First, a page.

Emotions are an integral part of the individual: our wellbeing very much depends on our ability to recognise, understand and manage emotions, and it is important to be able to apply that same process also to the people we establish relationships with.
When do emotions first occur?
Emotional and affective development is a topic of great interest, especially in recent years, not only to professionals who deal with children but also to parents and caregivers who are increasingly interested in understanding how to help children express and regulate their emotions. The topic has been investigated by many researchers, and the scientific literature provides a wealth of diverse evidence about when and how an emotion occurs.
The research findings certainly suggest, among other things, that emotions are inborn, so during the first year of life every child can experience a range of emotions, defined as basic emotions, including joy, anger, fear, sadness, surprise and disgust. But emotions are far more complex than we are used to thinking since they are made up of different components, namely physical, cognitive, relational and behavioural factors. Learning how to fully master our emotions is a long and difficult task that lasts throughout life, and it is therefore vital to take care of our children’s emotions and help them to become aware of them and to manage them.
Emotions help us to communicate to others our state of wellbeing or distress, but they also enable us to communicate to ourselves how we are feeling, giving us key information on how to behave, what to choose, what to plan, what to do again and what never to do again, thereby giving direction to our current and future actions. Regulating our emotions doesn’t mean not feeling unpleasant emotions but knowing how to modulate their extent, intensity and meaning so as to turn them into useful tools for achieving our goals as well as individual and social wellbeing.
To what extent can relationships, play activities and education influence emotional development?
Even very young babies pick up the emotional state of the people around them, and this process can be seen, for example, in emotional contagion. Children “catch” the other person’s emotion, so that if a peer standing next to them is crying, they themselves can burst into tears, and if the parent caring for them is feeling anxious, they too can feel a sense of anxiety. These are just a few examples illustrating that it is possible for emotional sharing processes to be driven not exclusively by language but also by emotions. We can therefore say that establishing a relationship with and therefore being close to a child in itself involves communicating an emotion.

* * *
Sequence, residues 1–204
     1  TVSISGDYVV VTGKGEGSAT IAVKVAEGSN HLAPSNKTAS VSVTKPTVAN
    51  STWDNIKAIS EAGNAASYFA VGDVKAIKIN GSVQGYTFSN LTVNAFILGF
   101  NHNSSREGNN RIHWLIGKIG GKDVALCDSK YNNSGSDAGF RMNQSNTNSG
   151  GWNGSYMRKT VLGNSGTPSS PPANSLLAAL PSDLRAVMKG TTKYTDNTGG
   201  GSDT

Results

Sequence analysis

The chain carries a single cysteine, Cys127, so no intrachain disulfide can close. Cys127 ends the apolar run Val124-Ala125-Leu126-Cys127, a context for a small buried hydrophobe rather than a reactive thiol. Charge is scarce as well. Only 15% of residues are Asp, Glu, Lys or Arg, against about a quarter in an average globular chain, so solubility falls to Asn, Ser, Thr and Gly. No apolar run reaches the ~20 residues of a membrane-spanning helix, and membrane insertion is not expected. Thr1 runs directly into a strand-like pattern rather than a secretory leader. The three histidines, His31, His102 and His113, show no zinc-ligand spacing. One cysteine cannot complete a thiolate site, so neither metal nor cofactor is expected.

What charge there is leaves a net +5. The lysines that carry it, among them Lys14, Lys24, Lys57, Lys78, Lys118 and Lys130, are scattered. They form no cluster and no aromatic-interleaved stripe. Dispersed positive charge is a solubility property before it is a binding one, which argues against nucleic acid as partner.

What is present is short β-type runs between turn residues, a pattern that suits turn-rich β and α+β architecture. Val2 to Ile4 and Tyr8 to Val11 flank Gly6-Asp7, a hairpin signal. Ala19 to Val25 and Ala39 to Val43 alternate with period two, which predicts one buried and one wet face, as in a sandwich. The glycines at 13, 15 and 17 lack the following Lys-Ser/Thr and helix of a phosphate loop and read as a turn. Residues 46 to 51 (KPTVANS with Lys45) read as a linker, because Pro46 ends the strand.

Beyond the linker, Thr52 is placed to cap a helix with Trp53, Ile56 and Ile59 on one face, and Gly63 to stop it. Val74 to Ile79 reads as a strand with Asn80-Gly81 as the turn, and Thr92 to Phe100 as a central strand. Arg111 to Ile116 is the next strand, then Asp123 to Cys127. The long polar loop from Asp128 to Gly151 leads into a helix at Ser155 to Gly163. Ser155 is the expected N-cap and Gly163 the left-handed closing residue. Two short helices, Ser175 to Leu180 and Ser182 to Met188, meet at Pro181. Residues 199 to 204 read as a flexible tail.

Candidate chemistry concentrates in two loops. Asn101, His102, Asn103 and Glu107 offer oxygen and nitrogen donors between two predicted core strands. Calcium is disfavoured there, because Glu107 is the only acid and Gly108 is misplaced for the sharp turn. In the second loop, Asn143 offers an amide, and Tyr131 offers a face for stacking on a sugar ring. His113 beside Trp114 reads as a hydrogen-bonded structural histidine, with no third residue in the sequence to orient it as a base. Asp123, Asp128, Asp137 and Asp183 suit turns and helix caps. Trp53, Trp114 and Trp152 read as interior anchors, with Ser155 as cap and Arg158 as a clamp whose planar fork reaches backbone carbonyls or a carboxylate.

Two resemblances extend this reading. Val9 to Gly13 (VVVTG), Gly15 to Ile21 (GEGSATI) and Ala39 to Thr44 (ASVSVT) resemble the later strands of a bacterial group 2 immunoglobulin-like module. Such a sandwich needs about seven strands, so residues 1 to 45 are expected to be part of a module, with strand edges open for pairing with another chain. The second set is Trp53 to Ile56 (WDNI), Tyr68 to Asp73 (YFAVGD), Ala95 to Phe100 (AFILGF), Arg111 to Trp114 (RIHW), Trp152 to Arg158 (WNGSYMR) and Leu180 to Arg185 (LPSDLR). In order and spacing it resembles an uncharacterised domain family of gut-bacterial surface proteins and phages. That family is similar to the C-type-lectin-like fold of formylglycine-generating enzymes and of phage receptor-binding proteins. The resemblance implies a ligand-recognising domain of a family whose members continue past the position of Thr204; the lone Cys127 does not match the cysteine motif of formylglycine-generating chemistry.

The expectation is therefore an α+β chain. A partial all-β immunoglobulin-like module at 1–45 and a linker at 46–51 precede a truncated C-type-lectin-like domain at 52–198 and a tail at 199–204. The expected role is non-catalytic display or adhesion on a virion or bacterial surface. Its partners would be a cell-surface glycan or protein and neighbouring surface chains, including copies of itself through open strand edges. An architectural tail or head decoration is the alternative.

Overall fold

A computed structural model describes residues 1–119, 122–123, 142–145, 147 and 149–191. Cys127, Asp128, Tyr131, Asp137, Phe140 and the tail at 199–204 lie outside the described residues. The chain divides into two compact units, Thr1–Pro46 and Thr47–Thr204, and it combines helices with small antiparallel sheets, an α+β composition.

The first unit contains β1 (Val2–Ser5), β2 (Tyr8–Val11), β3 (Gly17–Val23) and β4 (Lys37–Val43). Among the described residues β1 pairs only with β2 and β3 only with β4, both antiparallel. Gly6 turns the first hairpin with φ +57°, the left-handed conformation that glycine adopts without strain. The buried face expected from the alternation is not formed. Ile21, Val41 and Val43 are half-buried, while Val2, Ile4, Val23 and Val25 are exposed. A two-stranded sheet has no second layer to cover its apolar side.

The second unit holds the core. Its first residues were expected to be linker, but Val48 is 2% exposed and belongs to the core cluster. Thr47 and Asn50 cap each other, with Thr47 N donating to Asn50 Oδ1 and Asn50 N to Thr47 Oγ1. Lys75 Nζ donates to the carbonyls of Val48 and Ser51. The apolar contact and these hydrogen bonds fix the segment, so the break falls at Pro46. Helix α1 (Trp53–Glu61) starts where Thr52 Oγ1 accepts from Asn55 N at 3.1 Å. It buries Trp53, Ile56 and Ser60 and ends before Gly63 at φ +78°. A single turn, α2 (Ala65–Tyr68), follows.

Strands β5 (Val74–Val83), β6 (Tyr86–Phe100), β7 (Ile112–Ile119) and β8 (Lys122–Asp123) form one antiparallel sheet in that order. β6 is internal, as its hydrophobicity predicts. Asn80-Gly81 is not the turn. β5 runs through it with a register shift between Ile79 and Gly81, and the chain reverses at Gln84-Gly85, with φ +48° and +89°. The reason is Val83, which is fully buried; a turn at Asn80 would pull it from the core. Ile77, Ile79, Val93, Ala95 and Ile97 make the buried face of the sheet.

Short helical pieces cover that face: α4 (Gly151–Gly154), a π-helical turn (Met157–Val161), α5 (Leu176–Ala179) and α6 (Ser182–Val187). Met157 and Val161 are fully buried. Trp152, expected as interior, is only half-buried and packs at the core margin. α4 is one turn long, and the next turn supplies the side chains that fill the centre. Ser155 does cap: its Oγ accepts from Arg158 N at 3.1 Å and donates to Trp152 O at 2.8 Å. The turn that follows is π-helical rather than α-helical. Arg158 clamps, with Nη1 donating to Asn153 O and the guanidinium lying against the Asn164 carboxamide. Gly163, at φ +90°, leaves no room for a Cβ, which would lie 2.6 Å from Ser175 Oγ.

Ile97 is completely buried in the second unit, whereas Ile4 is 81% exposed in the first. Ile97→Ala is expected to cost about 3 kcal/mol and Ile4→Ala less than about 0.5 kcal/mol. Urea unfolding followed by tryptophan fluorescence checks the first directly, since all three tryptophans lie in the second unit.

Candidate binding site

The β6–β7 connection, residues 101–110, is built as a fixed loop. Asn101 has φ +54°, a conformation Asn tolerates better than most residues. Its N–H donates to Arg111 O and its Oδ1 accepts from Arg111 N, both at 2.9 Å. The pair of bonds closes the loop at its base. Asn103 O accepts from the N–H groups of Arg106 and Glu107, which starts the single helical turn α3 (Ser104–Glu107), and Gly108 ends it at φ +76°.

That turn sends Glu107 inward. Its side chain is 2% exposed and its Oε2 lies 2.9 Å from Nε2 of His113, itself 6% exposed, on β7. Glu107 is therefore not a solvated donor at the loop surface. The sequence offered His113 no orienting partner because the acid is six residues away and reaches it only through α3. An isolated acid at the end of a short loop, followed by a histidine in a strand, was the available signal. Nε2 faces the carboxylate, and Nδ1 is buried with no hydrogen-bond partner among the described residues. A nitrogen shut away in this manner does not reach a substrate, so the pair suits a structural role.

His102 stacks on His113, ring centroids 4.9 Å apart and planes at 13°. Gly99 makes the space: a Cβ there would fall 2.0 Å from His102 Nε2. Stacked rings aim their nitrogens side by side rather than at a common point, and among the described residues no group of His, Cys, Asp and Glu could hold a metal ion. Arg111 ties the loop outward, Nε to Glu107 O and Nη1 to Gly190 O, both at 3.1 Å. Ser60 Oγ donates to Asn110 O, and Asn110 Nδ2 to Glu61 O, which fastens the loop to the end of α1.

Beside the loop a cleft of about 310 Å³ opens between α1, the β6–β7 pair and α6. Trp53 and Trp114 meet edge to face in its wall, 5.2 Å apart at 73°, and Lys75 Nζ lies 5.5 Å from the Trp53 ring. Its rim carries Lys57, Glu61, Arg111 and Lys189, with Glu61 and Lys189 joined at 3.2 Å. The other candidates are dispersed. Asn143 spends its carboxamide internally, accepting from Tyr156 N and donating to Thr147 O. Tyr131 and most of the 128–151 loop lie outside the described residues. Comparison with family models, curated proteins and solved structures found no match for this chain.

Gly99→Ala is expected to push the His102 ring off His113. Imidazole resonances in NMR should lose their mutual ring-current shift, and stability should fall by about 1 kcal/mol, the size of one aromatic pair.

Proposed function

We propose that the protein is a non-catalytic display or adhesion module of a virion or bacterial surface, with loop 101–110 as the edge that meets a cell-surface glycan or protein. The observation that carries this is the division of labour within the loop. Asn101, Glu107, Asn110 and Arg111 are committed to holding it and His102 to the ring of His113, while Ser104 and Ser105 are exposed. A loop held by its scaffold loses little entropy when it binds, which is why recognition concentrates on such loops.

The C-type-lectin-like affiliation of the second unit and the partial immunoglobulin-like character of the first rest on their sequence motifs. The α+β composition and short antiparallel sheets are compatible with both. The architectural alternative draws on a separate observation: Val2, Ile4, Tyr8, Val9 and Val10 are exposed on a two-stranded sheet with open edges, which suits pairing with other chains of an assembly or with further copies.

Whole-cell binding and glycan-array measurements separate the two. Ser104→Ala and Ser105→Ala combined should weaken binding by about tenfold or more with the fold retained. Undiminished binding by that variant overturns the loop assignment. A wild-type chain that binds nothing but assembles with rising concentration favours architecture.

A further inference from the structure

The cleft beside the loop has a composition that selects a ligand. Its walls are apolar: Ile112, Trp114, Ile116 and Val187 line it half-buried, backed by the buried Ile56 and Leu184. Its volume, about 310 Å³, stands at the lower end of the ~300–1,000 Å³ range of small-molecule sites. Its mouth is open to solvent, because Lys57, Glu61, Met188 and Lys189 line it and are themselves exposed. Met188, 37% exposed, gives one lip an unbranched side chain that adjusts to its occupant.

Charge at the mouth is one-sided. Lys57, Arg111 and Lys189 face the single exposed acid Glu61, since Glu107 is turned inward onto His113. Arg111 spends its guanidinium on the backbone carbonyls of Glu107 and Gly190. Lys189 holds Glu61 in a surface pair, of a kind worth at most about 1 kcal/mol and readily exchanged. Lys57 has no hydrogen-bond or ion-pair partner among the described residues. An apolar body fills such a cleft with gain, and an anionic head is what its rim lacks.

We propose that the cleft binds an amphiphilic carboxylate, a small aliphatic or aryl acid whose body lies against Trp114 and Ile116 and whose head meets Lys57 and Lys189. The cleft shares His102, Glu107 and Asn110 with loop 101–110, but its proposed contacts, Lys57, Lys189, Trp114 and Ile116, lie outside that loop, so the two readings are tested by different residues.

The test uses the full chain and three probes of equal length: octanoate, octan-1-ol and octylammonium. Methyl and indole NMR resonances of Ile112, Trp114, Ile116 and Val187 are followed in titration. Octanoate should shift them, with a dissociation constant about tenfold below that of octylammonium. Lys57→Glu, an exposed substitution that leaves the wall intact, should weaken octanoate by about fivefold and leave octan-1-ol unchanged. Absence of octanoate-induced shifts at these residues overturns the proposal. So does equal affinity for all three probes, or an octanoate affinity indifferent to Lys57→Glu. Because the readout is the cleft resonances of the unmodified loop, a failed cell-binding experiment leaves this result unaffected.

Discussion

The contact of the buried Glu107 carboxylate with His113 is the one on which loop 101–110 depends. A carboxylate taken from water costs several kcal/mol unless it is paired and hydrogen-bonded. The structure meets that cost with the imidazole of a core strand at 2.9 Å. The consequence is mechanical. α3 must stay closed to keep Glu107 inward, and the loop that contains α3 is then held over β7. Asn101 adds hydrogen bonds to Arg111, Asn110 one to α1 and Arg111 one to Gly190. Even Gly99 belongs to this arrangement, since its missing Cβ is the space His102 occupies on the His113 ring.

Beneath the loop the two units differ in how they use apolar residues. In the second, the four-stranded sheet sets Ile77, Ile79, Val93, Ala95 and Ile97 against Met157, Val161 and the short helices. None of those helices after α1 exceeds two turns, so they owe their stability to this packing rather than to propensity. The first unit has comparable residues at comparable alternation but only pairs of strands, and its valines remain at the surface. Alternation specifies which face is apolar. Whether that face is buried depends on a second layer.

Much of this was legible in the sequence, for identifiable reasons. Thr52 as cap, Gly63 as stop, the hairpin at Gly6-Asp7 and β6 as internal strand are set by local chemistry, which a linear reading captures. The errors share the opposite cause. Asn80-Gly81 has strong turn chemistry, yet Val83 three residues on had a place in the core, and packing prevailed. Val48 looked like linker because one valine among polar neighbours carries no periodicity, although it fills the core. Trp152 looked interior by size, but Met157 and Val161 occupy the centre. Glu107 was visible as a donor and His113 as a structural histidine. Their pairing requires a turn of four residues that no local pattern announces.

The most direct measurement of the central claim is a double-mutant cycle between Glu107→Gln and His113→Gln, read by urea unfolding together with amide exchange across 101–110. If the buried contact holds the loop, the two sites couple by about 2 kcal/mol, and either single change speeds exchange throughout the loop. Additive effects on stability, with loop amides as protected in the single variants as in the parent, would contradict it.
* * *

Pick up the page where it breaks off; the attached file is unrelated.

How do we educate, that is, how do we support our children in their emotional development? Can we talk about emotional play?
If we mean “play” in the true sense of the word, then we can say Yes, we can!
Experts in this field consider play an important factor in development because it allows the child to experiment with and subsequently consolidate new skills, including cognitive, social-emotional and relational skills. Play is a recreational experience that allows children to express their individual, spontaneous and intentional activity which is essential to the dynamics of development. Play activities provide an excellent training ground for developing emotional and social skills precisely because play is intrinsically free and spontaneous. We only have to think of how frequently emotional situations arise when children play, including waiting for their turn, sharing toys, cooperating, and so on.
Through play children explore and get to know their surrounding physical and social environment. Therefore, when it comes to emotions too, the adult should understand that nothing can be conveyed using an instruction-driven approach, as in, “this is how it’s done”, “this is what you must do”, and so on. Instead, we need to give free rein to the affective function, letting children experience the pleasure of playing and experimenting spontaneously with emotions in order to foster their initiative and independence, until they will gradually be able to choose how to behave and how to manage their emotions in a functional manner. Before being able to do this, children carefully observe the responses of the people around them to their behaviour.
How much knowledge does a parent need?
Helping the development of a child’s emotional skills doesn’t necessarily require parents to be super-informed and scientifically knowledgeable, but it means first and foremost to know how to observe, perceive and listen to the child’s emotions and to help the child understand and express them in a functional and flexible way.
The playful approach means avoiding any instruction-based activities and adopting the most natural approach, which mainly focuses on the affective aspects, letting children experience the pleasure of spontaneous play to reinforce their initiative and independence thereby fostering and developing intentionality.
Methods that focus on giving instructions on what to do and how to do things are often boring and uninspiring for children, while adopting an active approach in which children themselves are actively engaged is certainly beneficial for improving their aptitudes for action and their behaviour. It is in fact very important to motivate children by combining the enjoyable, playful aspect with the aspect of attention, concentration and effort.
And now we’re ready to play, to be happy with ourselves and with others!